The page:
Monday, April 19, 2010

Catching up a bit

OK, I admit it. I got depressed during the long icy winter and fell down the rabbit hole. It's been lonely and isolating and I turned to painting and personal writing rather than this more extroverted form of narcissism. Also I napped. I hope I'm back to blogging for a few weeks, though, as I've missed it, have a lot of things stored up to write about and am down to my last 6 weeks in Europe. Where formerly just being in Europe for 6 whole weeks at all would have been the height of luxury, after 7 months here it is starting to feel somewhat minimal and I am getting sentimental and sad about leaving.  I will spend the summer in Seattle, my role changing from that of temporary ex-pat to that of mother-of-the-bride. Assuming the Icelandic volcano stops popping by the end of May and doesn't keep me stranded here...

I will re-enter the blogosphere with a brief accounting of just a few things that I will hope to pursue a bit further subsequently. We'll see how that works...

Since I hit the skids this winter I haven't done as much as I had hoped to do and am now trying like crazy to make up for a bit of it before I leave. Some of the museums here are so huge they have required multiple trips - I still haven't finished with the Deutsches Historisches Museum or the Gemäldegalerie; the Judisches Museum could take weeks. But I have made it to the Nolde and Kollwitz Museums, the Märkisches Museum, to Checkpoint Charlie, the Eastside Gallery (the longest stretch of the Wall still standing and which was repainted by something like 88 artists and just reopened to the public) and to new exhibits at the Guggenheim, the Neue Nationalgalerie, the Scharf-Gerstenberg, the Berlinische Galerie, the Hamburger Bahnhof, not to mention revisiting my old favorites a few times as well - the Bode in particular, the Pergamon, the Neues...none of which will mean anything to anyone who hasn't been here so I won't go on, but it gives me a sense of satisfaction to make these lists. I hope I wasn't an accountant in my former life, but there is a whiff of possibility there.

Occupation with words continues with more names at the dog park, my favorite new one belonging to a black pug named Zoltan. There is also a funny white bull terrier named Vanna, an enormous young Great Dane named Tennessee and an incredibly cute puggle-Jack Russell mix puppy absurdly named Bob. I have collected a few what-were-they-thinking business names as well, such as a boutique named "Ass Style," a bathroom fittings supplier called "Bad Ideen" (which just means "bathroom ideas" but has other English overtones), and of course my favorite "Titanic Travel" which I have already mentioned. (I think it is possible that the Germans came up with the name "Nova" for the Chevy that had notoriously poor sales in Latin America, "no va" meaning "no go" in Spanish.) There's a hot dog cafe called Mr. Miller's, whose darkly ambiguous tag line is "Eat Here, Diet Home." And since I find the whole idea of limousines and stretch limos repulsive, I am quite amused by the stretch Hummer I see from time to time; "hummer" is the German word for lobster which to me significantly lowers the pretense value of riding in such a vehicle. Cruising in my lobster? Maybe not so cool.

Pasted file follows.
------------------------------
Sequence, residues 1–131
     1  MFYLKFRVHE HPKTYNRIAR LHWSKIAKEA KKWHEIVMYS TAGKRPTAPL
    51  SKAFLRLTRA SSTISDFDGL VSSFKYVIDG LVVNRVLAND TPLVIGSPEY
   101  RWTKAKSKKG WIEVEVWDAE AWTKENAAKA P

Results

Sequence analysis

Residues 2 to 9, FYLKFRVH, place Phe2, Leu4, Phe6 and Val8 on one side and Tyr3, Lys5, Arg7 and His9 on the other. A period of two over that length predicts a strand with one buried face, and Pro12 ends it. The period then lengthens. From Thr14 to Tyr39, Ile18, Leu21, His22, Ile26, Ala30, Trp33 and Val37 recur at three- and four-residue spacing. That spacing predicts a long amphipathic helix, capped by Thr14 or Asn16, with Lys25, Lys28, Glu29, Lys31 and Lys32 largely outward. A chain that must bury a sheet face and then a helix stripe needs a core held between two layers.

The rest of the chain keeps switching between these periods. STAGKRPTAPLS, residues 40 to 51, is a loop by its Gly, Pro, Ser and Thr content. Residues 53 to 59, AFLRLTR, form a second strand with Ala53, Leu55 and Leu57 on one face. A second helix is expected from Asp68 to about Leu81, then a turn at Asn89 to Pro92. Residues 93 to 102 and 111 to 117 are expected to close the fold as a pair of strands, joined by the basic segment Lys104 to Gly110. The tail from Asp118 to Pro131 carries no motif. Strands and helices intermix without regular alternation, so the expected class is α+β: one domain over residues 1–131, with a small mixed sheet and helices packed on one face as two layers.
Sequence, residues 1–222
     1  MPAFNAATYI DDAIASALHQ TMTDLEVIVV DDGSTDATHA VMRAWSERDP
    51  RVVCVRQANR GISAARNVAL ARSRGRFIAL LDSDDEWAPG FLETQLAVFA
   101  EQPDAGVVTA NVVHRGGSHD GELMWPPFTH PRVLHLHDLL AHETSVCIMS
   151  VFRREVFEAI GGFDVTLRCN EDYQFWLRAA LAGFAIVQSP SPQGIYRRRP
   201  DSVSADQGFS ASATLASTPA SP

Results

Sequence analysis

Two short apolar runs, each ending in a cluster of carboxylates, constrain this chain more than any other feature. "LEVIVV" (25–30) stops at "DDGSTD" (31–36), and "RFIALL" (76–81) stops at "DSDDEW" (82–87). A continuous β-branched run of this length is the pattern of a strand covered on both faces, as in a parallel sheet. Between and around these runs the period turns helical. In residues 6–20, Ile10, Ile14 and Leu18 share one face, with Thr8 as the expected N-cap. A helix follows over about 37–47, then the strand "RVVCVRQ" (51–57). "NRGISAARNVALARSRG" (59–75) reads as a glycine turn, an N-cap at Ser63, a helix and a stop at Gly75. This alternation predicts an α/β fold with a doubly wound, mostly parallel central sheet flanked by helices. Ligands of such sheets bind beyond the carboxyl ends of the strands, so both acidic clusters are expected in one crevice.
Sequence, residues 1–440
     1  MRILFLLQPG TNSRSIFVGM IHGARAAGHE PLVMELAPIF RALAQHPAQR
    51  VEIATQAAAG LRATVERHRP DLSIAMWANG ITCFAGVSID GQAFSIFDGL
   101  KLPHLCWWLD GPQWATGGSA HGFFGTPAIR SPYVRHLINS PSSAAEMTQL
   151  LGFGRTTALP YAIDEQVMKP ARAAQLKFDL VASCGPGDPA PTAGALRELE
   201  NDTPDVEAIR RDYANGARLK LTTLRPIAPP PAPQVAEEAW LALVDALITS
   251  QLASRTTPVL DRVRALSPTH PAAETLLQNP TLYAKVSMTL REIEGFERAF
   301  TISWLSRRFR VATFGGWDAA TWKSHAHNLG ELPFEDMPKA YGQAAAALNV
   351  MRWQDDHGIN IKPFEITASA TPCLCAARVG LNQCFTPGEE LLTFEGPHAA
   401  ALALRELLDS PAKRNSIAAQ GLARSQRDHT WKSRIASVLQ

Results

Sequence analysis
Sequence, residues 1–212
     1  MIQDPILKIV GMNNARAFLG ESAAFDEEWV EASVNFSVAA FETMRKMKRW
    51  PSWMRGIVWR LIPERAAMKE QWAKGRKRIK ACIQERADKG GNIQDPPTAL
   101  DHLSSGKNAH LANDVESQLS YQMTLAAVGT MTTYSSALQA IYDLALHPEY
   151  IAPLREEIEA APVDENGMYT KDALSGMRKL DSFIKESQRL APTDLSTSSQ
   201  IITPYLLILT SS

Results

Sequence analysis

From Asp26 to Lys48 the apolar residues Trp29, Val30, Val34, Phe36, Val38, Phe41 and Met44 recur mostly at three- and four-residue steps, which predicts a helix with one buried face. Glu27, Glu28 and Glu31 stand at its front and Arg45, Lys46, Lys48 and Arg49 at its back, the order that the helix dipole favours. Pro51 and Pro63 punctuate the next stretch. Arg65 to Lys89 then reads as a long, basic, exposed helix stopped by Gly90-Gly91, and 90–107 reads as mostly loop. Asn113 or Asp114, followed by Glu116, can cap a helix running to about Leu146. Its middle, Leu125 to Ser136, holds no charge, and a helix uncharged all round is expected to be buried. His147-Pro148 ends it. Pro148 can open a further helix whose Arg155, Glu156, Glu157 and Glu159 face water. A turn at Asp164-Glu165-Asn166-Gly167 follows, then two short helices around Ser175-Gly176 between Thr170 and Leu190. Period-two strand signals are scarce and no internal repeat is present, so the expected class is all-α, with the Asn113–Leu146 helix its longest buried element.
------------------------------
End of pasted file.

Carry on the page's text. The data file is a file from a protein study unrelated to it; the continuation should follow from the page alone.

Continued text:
Friends are here for 10 days and it's been a great way to goose me into hyperactivity. Yesterday we started with a church service at the Dom so we could hear the organ; there was a stellar trumpet playing as well and as it was a baptism service the bishop was present, dressed in his Calvinist black robe with the white neck tabs. Very eighteenth century. We had a printed program of the service basics in English but as we opted to sit in the middle of the church rather than the small rear apse where simultaneous translation was available on earphones, we were in the aural dark for the readings and sermon. (I probably would have been anyway, even in English). It was a little bit like the Gary Larson cartoon of the guy talking to his cat and all the cat hears is her own name - "blah blah blah blah Muffy blah blah blah Muffy"; I caught the occasional German word, like Jesus and Afghanistan.

It's been a beautiful weekend after another chilly gray week and people have been out in droves, sucking up the sunlight. Saturday we went out to Grünewald, which is a lovely wooded area with a few small lakes scattered about. We walked a way in to the Teufelsee (Devil Lake) which is really just a pond but is a clothing-optional pond with the only WC for miles around. Criss-crossed by paths, roadlets and absolutely no directional signs whatsoever, we felt lucky to have found the antique tin toilet facility at all, and sat for a while pondside. We talked to a nice young man from Tennessee who thought he had made better progress than he had, working with speech coaches on his aiksent. He's here coaching kids' soccer while his wife teaches art at one of the international schools. He needs to be understood. One creepy note about the Grünewald is the very visible white dome of the old American Cold War listening post on top of one of the hills. Its covering is tattered and shredded now, and it vaguely resembles a poorly designed stage set of the Taj Mahal that has been left to rot like an old circus tent. I find the phrase "listening post" to be a bit chilling. It's like that woman's voice that comes over the radio waves in the middle of the night reciting numbers ad infinitum. Creepy.

I am expecting my friends at any minute and am thinking we'll go out to Potsdam today, before the rain resumes tomorrow for the rest of their visit. I am supposed to go to Paris on Friday to meet another set of friends, so we'll see if the Eyjafjallajokull volcano will allow us all to travel by then. I am attempting to remain optimistic.

Sunday, February 14, 2010